ST. GEORGE — The Community Development Office within the Utah Department of Workforce Services has announced a new Graphic Information System (GIS) guide targeting cities and towns to help them better manage their municipal assets.
The guide is designed as a framework to gather and analyze geographic data that rural towns, as well as larger cities such as St. George, can use as a more effective way to manage their tangible assets, communicate and collaborate across geographic barriers, identify patterns found in the information collected, and combine a variety of geographic data in a variety of different 21st-century ways.
The guide: “GIS Applications in Municipal Government: Strategies for Small Towns” is written especially for Utah’s rural towns, but can be scaled up to assist larger cities, said Community Development Office director Keith Heaton.
“GIS technology is an accessible, (affordable) way for small towns to create more advanced management and planning tools,” Heaton said. “However, smaller municipalities may not know that this is something that their staff can learn to use. They don’t have to hire an expensive outside firm to do it.”
“Our office was formed about six years ago to help rural communities with their planning needs,” Heaton said. “We do a number of things including providing tools, guides, and resources for towns that don’t have the staff and capacity to do these types of things on their own.”
Experience shows, Heaton added, rural communities have a lot of the same needs and requirements of their larger counterparts but lack the resources, both financially and in specially trained staff, to utilize a technology-based data analysis system.
The guide provides an overview of the ways that GIS can be used by municipalities and how to get started with the technology. It recommends using GIS to:
- Manage community infrastructure and assets
- Estimate future growth demands
- Optimize public safety information and reporting
- Expand public engagement opportunities and platforms
- Share, collect and analyze critical physical and cultural municipal data
“Places like Parowan have a mayor and might have a clerk and public works person, but they lack the staff and find themselves constantly in the mode of putting out fires to keep things going,” Heaton said. “For rural communities, the 21st century is a little bit of a different world.”
A good example where GIS can bolster a city’s understanding of its resources is in its water system.
Often times, a public works director with decades of tenure in their office knows the system like the back of their hand, but because of a lack of usable analytical or infrastructure database analysis, the information will forever remain where it is, cloistered within the memory of a department head.
“If someone else comes along and needs to know where a water shutoff is nobody else knows,” Heaton said. “There’s no documentation … and in the 21st-century towns and cities should have that data. They should have GIS and computer-based mapping with the ability to pull the information up anywhere at any time.”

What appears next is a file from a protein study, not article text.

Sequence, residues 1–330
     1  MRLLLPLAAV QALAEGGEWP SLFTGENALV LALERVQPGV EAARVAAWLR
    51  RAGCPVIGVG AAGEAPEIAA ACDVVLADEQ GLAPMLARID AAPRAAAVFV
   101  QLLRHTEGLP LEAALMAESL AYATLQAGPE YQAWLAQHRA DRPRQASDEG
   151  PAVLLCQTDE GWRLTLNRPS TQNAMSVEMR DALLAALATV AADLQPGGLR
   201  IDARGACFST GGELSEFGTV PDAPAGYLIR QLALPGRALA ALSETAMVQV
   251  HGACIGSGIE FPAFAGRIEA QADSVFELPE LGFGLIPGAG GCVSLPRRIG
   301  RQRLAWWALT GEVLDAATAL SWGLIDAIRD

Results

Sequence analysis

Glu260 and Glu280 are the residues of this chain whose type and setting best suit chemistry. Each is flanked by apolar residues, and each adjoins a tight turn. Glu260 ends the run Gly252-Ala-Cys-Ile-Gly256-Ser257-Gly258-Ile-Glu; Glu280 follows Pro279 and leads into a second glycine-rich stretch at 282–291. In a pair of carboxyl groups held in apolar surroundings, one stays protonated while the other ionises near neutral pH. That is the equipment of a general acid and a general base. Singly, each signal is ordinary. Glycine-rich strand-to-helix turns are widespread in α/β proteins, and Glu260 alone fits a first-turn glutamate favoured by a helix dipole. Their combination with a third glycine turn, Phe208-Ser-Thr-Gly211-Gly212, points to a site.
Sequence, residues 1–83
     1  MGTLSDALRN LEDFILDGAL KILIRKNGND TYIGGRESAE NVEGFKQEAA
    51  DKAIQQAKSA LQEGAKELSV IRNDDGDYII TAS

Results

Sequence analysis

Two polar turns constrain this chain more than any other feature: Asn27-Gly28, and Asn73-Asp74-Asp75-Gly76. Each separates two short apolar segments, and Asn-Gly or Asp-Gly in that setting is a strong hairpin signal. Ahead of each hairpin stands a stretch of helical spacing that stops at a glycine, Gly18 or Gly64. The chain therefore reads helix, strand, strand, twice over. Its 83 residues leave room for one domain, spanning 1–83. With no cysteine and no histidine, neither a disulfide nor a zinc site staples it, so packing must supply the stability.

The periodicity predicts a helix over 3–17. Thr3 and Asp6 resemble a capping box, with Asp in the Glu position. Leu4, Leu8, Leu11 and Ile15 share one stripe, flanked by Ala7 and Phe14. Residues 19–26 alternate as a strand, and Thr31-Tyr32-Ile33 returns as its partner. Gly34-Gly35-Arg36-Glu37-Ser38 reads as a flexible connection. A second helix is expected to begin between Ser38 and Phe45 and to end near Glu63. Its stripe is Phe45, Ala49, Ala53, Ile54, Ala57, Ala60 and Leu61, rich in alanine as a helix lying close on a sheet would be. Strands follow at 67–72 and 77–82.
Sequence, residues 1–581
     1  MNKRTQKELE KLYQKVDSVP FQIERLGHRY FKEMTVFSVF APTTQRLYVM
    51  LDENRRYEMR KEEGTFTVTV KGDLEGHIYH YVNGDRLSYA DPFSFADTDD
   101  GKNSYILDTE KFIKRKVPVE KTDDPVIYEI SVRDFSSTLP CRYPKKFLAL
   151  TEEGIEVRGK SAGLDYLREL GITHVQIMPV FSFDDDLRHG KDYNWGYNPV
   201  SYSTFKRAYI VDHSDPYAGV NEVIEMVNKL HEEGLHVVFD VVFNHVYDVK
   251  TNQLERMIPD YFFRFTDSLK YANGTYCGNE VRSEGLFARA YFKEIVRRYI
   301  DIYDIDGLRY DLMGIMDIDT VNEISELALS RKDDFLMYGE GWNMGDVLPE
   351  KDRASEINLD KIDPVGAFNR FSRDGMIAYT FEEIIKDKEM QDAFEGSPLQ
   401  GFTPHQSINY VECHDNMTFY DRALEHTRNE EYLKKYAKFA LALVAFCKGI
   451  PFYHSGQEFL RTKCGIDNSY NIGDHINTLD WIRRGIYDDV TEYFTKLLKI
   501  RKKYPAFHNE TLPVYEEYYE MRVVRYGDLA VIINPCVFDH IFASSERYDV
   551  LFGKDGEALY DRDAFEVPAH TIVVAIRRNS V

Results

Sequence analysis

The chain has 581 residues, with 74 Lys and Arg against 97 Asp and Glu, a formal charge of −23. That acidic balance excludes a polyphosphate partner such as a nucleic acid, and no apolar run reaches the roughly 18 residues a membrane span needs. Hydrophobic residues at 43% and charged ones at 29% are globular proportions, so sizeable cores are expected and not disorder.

Makayla Bealer, Milford City administrator/treasurer agrees that GIS technology has become an invaluable tool.
“Milford is new to GIS technology; however, we currently have had our water system on GIS, using it for a little more than one year,” she said. “It’s a great tool to keep your records updated and active for current employees, but also for future generations.”
One of the benefits, Bealer added, is that the city crews have the capability to make real-time changes to their water maps or add notes regarding a host of relevant information. Milford is currently working to get its wastewater capabilities included in a GIS format and hopes to add cemetery records as well.
“Record keeping is one of the most critical components of our jobs. GIS allows multiple employees access to mapping and helps streamlines changes to infrastructure,” Bealer said. “GIS is a big benefit to all communities, big or small. I would absolutely recommend adding this capability to all cities and towns.”
The benefit, both Bealer and Heaton said, is GIS real-time editing capability.
Instead of a long-forgotten report on community assets collecting dust on a city office shelf, quickly becoming outdated, the GIS guide is meant to be a living, usable document that changes as the needs of a city change.
“We are not mandating anything at the state level,” Heaton said. “We feel that if we make these types of things available, continually educate towns, and provide resources both at the state level but also a regional level it gives anyone the opportunity to know exactly what assets they have, provides transparency for every citizen to know what is happening in their town and provides communities to close knowledge gaps that exist.”
The lack of technology or its proper use is not exclusive to small towns, but can be found in larger metropolitan cities as well, Heaton added.
“We want to make sure every community has access to this type of mapping,” he said. “We hope larger towns also use this guide. I don’t want to overemphasize rural communities taking advantage of this guide, but the things that we produce are available to everyone and we are happy to help anyone who asks.”
The guide is available online at housing.utah.gov. Click on the link to access the guide.
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